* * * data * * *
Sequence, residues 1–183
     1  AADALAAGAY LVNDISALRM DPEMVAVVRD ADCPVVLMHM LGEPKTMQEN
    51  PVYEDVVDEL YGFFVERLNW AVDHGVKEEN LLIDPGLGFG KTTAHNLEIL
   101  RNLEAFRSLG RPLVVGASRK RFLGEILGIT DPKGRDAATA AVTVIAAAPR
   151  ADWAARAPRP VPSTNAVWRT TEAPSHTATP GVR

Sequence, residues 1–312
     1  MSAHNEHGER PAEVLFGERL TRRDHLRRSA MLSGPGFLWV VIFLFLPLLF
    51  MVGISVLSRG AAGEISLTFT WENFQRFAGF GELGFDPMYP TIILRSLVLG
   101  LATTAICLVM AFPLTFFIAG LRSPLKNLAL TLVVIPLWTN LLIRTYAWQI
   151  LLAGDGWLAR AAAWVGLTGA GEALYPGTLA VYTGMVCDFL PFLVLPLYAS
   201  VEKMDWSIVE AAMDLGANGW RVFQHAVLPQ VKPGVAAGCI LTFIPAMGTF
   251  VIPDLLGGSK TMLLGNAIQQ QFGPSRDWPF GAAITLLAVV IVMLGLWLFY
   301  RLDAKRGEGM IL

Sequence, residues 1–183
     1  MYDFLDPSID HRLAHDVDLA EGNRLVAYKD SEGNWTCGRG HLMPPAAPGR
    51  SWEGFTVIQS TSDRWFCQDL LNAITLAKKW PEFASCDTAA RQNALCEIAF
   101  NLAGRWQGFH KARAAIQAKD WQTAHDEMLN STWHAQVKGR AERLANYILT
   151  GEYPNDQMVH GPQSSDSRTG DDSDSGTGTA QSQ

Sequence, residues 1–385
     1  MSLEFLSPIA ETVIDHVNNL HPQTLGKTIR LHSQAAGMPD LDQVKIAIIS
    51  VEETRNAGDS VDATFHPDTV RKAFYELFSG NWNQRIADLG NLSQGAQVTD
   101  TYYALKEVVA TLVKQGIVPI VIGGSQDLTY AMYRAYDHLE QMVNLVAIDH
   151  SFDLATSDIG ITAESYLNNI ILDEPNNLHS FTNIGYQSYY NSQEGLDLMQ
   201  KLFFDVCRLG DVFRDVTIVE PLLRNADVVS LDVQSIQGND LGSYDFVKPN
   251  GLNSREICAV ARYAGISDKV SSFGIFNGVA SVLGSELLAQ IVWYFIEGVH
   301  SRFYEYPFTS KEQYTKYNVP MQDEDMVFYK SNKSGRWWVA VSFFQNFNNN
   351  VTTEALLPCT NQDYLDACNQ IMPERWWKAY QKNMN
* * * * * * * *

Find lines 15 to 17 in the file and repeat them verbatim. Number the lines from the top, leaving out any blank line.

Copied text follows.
     1  MYDFLDPSID HRLAHDVDLA EGNRLVAYKD SEGNWTCGRG HLMPPAAPGR
    51  SWEGFTVIQS TSDRWFCQDL LNAITLAKKW PEFASCDTAA RQNALCEIAF
   101  NLAGRWQGFH KARAAIQAKD WQTAHDEMLN STWHAQVKGR AERLANYILT